October 2003
Volume 3, Issue 9
Free
Vision Sciences Society Annual Meeting Abstract  |   October 2003
Color constancy as probabilistic inference: managing the tradeoff between the illuminant prior and scene evidence
Author Affiliations
  • Eric T Ortega
    University of Southern California, United States of America
Journal of Vision October 2003, Vol.3, 706. doi:10.1167/3.9.706
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      Eric T Ortega, Bartlett W Mel; Color constancy as probabilistic inference: managing the tradeoff between the illuminant prior and scene evidence. Journal of Vision 2003;3(9):706. doi: 10.1167/3.9.706.

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      © ARVO (1962-2015); The Authors (2016-present)

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Abstract

Color is a powerful cue for object recognition. To maximize the utility of color cues, however, a vision system must try to eliminate the colorizing effects of the illuminant to access the true underlying colors of object surfaces. Starting with a foundation in Bayesian statistics, we have developed a heuristic approach to color constancy which combines an illuminant prior with evidence from the scene to estimate the most probable lighting. This estimate is a linear combination of the a priori most probable illuminant and the average chromaticity over the set of S surfaces in the scene. To determine the scene's average surface color we preprocess using anisotropic diffusion, determine the distribution of chromaticities in the scene, and then fit with a constrained mixture of gaussians using S as a parameter. The mean color of the S gaussian generators is taken as the average scene color. A weighting factor B(S) sets the relative contributions of prior vs. evidence: the more colorful the scene, the heavier the weighting of the evidence. The function B is a saturating curve whose basic form emerged from monte carlo simulations using gaussian distributions for the illuminant and reflectance priors. To benchmark our algorithm, we developed a difficult color-based recognition task using 1,500 total images of 100 objects using 3 backgrounds and 5 lighting conditions. We analyze and discuss the relative strengths and weaknesses of our algorithm in comparison to grey world, brightest-is-whitest, and several other published methods including Retinex in Matlab (Funt, et al, 2000), Comprehensive Color Image Normalization (Finlayson, et al, 1998), and Multi-Scale Retinex (Jobson, et al, 1997). We end by speculating as to the neural basis for the operations involved in illuminant color estimation and color constant visual perception.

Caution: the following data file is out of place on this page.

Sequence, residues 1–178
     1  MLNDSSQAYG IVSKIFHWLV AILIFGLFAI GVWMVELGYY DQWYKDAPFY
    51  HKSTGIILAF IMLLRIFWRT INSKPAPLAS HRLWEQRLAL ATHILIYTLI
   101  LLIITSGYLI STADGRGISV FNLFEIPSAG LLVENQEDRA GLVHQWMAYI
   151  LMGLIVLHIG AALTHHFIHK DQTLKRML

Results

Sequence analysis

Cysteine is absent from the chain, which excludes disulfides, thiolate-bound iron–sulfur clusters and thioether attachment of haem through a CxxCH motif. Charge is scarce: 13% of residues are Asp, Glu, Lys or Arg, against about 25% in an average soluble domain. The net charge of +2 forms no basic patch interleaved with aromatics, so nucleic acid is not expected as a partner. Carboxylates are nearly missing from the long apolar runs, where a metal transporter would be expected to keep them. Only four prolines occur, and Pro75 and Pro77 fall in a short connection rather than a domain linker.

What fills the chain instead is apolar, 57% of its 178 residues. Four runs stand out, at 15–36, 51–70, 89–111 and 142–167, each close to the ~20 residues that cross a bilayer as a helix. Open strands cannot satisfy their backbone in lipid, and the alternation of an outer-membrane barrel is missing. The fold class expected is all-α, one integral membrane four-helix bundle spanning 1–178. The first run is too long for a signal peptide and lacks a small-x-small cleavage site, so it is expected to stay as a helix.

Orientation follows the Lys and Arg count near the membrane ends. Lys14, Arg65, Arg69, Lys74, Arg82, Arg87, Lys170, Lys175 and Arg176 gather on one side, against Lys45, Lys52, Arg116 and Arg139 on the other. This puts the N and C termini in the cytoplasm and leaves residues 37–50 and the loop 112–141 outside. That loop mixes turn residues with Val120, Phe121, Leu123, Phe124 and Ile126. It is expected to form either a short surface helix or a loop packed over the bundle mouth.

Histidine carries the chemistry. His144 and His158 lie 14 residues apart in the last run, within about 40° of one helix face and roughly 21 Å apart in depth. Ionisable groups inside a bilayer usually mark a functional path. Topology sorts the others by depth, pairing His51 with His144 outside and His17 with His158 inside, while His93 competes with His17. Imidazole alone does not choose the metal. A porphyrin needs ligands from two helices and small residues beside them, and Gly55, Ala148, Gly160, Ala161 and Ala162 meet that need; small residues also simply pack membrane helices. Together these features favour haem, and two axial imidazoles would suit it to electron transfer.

Ortega, E. T., Mel, B. W.(2003). Color constancy as probabilistic inference: managing the tradeoff between the illuminant prior and scene evidence [Abstract]. Journal of Vision, 3( 9): 706, 706a, http://journalofvision.org/3/9/706/, doi:10.1167/3.9.706. [CrossRef]
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